tiltbillings wrote:The point I am getting at is here: So how does the absence of sankhata dhamma . What is the absence of sankhata dhamma? What does that mean?

Well that's what I'm getting at too. Sankhata dhammas are formed by ignorance. No ignorance, no formed dhammas. The absence of formed dhammas means consciousness takes the unformed (i.e. nibbana) as object. From the cessation of ignorance, comes the cessation of sankharas... comes the cessation of dukkha.

Somehow I suspect though that's not the kind of answer you're looking for?
We are not talking about anything so different. I am just coming at this from a more oblique angle. The dhammas that a nibbanized individual - one freed from the conditioning of greed, hatred, and ignorance - experiences are free only of the conditioning greed, hatred, and delusion. it is a small point, but I think important to keep in mind, lest we start going all metaphysical or some such thing.
This being is bound to samsara, kamma is his means for going beyond.
SN I, 38.

Ar scáth a chéile a mhaireas na daoine.
People live in one another’s shelter.

"We eat cold eels and think distant thoughts." -- Jack Johnson
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Re: Luminious mind

Postby retrofuturist » Tue Jul 06, 2010 5:54 am

Greetings,

tiltbillings wrote:I am just coming at this from a more oblique angle. The dhammas that a nibbanized individual - one freed from the conditioning of greed, hatred, and ignorance - experiences are free only of the conditioning greed, hatred, and delusion. it is a small point, but I think important to keep in mind, lest we start going all metaphysical or some such thing.

Yep. Looks good to me. :thumbsup:

Metta,
Retro. :)
If you have asked me of the origination of unease, then I shall explain it to you in accordance with my understanding:
Whatever various forms of unease there are in the world, They originate founded in encumbering accumulation. (Pārāyanavagga)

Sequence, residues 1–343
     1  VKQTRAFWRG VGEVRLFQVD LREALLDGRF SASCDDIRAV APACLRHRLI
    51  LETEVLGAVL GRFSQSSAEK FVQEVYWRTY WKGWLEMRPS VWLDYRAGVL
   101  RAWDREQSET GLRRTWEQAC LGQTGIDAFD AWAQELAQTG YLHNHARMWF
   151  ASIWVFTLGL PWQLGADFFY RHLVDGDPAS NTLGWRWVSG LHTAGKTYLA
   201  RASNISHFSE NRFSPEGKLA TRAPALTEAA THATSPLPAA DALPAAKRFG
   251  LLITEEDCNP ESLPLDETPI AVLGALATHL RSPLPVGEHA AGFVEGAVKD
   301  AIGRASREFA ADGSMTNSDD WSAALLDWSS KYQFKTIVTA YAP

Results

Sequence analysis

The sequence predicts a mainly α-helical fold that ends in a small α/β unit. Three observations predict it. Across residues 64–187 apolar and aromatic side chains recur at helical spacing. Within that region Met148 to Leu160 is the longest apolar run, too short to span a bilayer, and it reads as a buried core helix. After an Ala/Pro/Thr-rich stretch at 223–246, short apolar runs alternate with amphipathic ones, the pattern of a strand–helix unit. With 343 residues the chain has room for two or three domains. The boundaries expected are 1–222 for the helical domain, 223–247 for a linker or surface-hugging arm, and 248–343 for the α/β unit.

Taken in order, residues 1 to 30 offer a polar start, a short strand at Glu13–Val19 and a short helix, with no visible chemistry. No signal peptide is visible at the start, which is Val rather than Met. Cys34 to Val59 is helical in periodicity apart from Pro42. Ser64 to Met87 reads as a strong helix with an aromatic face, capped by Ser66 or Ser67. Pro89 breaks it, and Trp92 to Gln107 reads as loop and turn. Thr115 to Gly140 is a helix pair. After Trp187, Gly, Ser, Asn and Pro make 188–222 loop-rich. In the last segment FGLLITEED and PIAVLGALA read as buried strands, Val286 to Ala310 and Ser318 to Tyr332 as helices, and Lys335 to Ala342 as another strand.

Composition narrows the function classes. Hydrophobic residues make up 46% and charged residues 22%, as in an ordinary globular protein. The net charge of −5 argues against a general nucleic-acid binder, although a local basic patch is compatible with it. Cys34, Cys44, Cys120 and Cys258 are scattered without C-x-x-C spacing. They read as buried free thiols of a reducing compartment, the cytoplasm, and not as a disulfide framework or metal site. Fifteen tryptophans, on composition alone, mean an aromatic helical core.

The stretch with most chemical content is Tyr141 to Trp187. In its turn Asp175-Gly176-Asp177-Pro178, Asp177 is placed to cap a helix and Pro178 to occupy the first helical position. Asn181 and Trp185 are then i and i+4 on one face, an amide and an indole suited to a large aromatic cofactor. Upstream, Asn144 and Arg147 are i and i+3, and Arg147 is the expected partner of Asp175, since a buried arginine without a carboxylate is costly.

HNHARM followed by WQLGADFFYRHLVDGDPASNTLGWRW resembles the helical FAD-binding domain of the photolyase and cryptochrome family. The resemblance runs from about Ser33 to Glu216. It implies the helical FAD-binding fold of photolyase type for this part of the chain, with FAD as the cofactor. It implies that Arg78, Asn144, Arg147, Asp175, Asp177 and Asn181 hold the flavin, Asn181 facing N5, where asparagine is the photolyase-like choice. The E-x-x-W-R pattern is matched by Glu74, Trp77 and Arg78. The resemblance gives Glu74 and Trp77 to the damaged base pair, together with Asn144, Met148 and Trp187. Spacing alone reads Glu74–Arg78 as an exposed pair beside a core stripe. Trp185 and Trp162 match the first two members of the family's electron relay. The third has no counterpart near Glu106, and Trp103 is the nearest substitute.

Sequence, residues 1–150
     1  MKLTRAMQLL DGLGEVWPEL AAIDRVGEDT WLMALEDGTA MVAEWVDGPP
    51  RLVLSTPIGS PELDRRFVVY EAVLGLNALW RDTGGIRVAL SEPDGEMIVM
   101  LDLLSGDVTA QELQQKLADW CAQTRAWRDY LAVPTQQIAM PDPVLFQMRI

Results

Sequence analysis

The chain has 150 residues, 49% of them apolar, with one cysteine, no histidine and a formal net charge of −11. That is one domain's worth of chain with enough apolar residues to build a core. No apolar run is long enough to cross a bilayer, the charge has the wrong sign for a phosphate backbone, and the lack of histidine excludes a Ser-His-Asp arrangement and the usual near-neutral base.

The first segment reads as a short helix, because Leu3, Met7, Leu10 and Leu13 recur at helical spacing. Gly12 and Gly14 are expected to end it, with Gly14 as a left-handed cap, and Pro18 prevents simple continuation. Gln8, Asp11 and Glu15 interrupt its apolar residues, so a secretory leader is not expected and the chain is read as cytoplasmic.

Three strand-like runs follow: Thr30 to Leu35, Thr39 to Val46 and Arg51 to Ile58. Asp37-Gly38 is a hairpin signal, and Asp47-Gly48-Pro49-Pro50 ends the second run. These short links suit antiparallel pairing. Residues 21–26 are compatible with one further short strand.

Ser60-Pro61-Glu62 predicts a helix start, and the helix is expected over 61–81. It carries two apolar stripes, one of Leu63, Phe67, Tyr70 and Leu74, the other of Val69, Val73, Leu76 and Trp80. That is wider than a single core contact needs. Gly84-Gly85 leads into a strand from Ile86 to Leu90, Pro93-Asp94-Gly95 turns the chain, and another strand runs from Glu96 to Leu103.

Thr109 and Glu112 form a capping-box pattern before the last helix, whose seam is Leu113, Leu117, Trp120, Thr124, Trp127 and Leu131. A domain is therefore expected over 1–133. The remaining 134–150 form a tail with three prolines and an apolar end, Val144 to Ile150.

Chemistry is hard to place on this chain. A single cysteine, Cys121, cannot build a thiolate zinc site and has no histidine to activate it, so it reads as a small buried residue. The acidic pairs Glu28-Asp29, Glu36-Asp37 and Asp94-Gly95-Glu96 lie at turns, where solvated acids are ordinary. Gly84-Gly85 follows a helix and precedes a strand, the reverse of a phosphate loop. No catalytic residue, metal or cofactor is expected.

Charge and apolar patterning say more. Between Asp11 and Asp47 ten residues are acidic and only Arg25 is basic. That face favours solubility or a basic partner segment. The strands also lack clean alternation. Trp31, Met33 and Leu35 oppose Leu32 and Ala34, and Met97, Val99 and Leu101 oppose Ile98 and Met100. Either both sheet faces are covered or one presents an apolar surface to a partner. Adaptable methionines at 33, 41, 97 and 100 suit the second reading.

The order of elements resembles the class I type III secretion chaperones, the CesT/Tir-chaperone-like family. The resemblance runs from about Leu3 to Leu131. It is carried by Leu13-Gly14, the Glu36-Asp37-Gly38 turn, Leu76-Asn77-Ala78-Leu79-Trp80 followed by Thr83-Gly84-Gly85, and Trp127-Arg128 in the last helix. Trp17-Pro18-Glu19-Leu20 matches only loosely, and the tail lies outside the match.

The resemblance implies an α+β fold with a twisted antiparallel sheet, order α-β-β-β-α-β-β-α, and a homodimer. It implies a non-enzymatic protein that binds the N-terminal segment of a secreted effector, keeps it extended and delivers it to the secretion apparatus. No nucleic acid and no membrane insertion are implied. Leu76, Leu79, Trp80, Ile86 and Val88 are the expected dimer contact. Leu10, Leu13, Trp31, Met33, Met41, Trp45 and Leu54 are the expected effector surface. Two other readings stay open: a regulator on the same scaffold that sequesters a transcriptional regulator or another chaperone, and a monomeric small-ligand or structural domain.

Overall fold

Exalted in mind, just open and clearly aware, the recluse trained in the ways of the sages:
One who is such, calmed and ever mindful, He has no sorrows! -- Udana IV, 7


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Re: Luminious mind

Postby IanAnd » Tue Jul 06, 2010 6:26 am

retrofuturist wrote:Greetings Sherab,

My understanding with respect to "find no footing" is it speaks of the absence of sankhata dhamma (formed dhammas) of which consciousness could take as subject. In the absence of sankhata dhamma, consciousness takes the unformed (i.e. nibbana) as object.

So to answer Sherab's question... the answer is they arise due to ignorance, and cease in the absence of ignorance.

Retro and tilt are on the right track here. But I think that Sherab might also appreciate the take given by Bhk. Nanananda.

On the point of "non-manifestive consciousness" this phrase is the translation for the Pali terms anidassana vinnana and which translation is used by Bhk. Nanananda in his book Concept and Reality in Early Buddhist Thought. This has also been translated as "where consciousness is signless" (M. Walshe) and "consciousness non-manifesting" (Bh. Bodhi).